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Why I’d Sell Glencore plc & Rio Tinto plc But Buy Defensives Severn Trent plc & Pennon Group plc

As we head into the final month of 2015, I often find myself reflecting on the year and more to the point what has worked well (as well as what could have worked better).

One of the things that has resulted in me outperforming the market this year (to date, while touching a large chunk of wood!) is the fact that I have been lucky enough to have total lack of exposure to either the mining or the oil & gas sector – two of the worst performing sectors so far in 2015.

And while I do not have access to a crystal ball, I can’t see the chart below getting any rosier for  companies such as Rio Tinto (LSE: RIO) and Glencore LSE: GLEN) – at least in the near term.

Indeed, if I was unfortunate enough to hold either of these shares, then I would be inclined to swap them for a more defensive share such as Severn Trent (LSE: SVT) or Pennon (LSE: PNN) whilst waiting to see how the more cyclical miners fare in these difficult times, where commodity prices remain depressed and the outlook uncertain.

Digging deep in difficult times

Just to make things clear, I don’t think that either of the miners that I’m running the rule over today are likely to go out of business any time soon. I do, however, have some near- and medium-term concerns.

Firstly, one thing that I have learned from experience is the fact that earnings downgrades can usually mean downward pressure on the share price of a company. Additionally, it is often the case that analysts underestimate the speed of the decline, thus causing them to revise down their earnings targets following a negative earnings surprise. While this can work in favour of investors opening a position at the height of the negativity, it is pretty painful for those who hold the shares in the hope that things are going to improve.

In the case of Glencore, earnings per share estimates have fallen from $0.44 in November 2014 down to just $0.10 currently. Rio Tinto has fared slightly better with earnings per share expected to fall from $4.63 to $2.59, according to data from Stockopedia.

Secondly, the debt pile. Now, to be fair, both management teams have set about cutting costs and addressing the debt. This is my main concern with Glencore, which has an enterprise value of nearly 4 times its market cap!

Defensive water and waste

While still on the subject of debt, both of the utilities under review today also have their fair share, too. However, the income here is covered in the main by regulation, not exposed to a fluctuating commodity price. In effect, management are told by the regulator what they can charge customers, and it is down to them to invest in the infrastructure and manage the debt pile as efficiently as possible. If they do this well then shareholders can expect low single digit earnings per share and dividend growth over the long term. Do it badly, however and the opposite is true.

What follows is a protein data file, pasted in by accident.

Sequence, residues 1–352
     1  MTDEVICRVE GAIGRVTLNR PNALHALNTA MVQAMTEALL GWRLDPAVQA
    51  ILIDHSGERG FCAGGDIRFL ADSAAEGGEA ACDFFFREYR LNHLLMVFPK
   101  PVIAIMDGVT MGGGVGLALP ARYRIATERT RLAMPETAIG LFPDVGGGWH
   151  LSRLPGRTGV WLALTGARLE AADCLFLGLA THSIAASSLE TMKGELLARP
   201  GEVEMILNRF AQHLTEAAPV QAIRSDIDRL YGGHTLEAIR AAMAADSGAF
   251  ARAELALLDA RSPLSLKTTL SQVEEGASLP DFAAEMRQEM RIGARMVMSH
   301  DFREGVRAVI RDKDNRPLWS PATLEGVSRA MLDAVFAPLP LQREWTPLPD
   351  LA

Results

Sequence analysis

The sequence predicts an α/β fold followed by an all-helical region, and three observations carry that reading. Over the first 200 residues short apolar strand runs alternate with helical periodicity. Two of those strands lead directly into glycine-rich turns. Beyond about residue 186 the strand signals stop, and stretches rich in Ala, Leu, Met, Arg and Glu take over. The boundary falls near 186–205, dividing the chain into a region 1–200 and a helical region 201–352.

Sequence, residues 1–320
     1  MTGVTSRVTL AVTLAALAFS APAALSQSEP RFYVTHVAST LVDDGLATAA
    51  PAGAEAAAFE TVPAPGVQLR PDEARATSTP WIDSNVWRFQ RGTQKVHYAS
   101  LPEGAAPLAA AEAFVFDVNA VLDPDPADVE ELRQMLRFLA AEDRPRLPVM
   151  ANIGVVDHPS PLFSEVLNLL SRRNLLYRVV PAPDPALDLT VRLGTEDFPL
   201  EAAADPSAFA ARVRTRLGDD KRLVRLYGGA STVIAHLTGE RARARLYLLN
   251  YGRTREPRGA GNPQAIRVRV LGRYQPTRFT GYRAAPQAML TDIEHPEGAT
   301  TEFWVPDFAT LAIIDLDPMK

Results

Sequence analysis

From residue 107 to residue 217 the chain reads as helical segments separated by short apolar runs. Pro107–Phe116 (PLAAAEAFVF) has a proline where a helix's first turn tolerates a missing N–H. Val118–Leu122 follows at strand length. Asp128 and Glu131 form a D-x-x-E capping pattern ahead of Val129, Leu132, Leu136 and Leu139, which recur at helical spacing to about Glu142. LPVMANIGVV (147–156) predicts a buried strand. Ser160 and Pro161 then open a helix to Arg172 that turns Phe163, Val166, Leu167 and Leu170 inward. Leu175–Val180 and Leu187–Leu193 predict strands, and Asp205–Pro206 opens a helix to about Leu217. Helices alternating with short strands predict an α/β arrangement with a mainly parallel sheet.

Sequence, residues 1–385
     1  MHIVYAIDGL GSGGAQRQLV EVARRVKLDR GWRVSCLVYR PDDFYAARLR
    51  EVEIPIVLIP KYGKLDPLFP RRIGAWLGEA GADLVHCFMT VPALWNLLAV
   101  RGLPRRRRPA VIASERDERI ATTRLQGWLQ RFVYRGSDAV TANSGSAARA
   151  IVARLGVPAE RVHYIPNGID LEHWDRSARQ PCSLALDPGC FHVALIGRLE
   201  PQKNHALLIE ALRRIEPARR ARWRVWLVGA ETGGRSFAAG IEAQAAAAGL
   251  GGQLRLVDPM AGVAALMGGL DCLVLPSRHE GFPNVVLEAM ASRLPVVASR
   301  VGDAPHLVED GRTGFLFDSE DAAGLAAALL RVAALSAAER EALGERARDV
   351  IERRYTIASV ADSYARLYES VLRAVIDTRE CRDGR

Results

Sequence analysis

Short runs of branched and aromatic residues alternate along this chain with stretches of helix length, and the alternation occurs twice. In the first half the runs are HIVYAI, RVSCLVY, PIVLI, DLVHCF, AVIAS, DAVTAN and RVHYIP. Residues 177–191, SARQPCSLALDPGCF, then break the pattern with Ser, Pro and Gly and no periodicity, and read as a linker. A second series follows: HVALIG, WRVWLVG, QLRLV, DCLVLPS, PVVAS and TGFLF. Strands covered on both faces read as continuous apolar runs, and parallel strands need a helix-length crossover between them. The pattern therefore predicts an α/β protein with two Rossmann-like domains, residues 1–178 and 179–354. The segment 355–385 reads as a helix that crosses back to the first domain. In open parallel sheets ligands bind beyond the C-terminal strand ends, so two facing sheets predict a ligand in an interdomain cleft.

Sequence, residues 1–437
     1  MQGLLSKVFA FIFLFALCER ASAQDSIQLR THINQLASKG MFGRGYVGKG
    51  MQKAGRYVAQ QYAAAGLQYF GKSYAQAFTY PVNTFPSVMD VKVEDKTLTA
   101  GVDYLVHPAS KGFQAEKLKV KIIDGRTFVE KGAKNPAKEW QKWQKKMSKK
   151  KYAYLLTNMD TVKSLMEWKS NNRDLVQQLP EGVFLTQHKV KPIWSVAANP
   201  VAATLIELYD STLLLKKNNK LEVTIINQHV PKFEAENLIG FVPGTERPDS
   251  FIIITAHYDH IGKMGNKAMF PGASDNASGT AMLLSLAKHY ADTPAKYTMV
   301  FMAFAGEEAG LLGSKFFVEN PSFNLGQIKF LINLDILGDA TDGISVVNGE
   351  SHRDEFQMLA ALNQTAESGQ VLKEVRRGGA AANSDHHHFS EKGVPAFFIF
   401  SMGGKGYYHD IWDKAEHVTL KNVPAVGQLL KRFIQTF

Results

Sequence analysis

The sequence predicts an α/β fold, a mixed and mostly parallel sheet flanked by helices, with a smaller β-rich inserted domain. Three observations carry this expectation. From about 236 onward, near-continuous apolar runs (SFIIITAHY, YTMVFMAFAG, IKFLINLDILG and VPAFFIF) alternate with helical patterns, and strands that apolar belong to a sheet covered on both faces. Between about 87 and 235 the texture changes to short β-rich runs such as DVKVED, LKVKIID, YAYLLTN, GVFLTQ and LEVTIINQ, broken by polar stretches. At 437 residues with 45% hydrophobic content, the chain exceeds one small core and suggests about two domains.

It appears to me that both management teams are pushing the businesses in the correct direction. It seems that the analysts agree with me where Severn Trent is concerned, with earnings per share estimates rising from around 76p this time last year to almost 95p currently. In the case of Pennon, I’d expect to see estimates rise following its interim results released last Friday, which sent the shares up nearly 6% on the day.

It isn’t just me that thinks that the shares are defensive, sadly; the market knows this, and both trade around 24 times expected forward earnings (on a 12-month rolling basis), which isn’t cheap by any stretch of the imagination. That said, the shares still yield nearly 4% — this is expected to grow over time by the retail prices index by Severn Trent and by RPI +4% for Pennon shareholders.

Final Foolish thought

For me, the decision is fairly straightforward: do I want to invest in businesses at the mercy of commodity prices, which are already depressed? Any further weakness here could make it difficult for management to service the debt load and the dividend. Or do I prefer a nice boring business with admittedly less potential for upside capital gains in the good times, but able to pay a steadily rising RPI-linked dividend to me twice a year?

For those of us searching for yield, one of the best tried-and-tested methods is to adopt an approach towards a more diversified portfolio, tailored towards good solid income-producing stocks -- the sort that will make money whatever the weather.

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Dave Sullivan has no position in any shares mentioned. The Motley Fool UK has no position in any of the shares mentioned. We Fools don't all hold the same opinions, but we all believe that considering a diverse range of insights makes us better investors.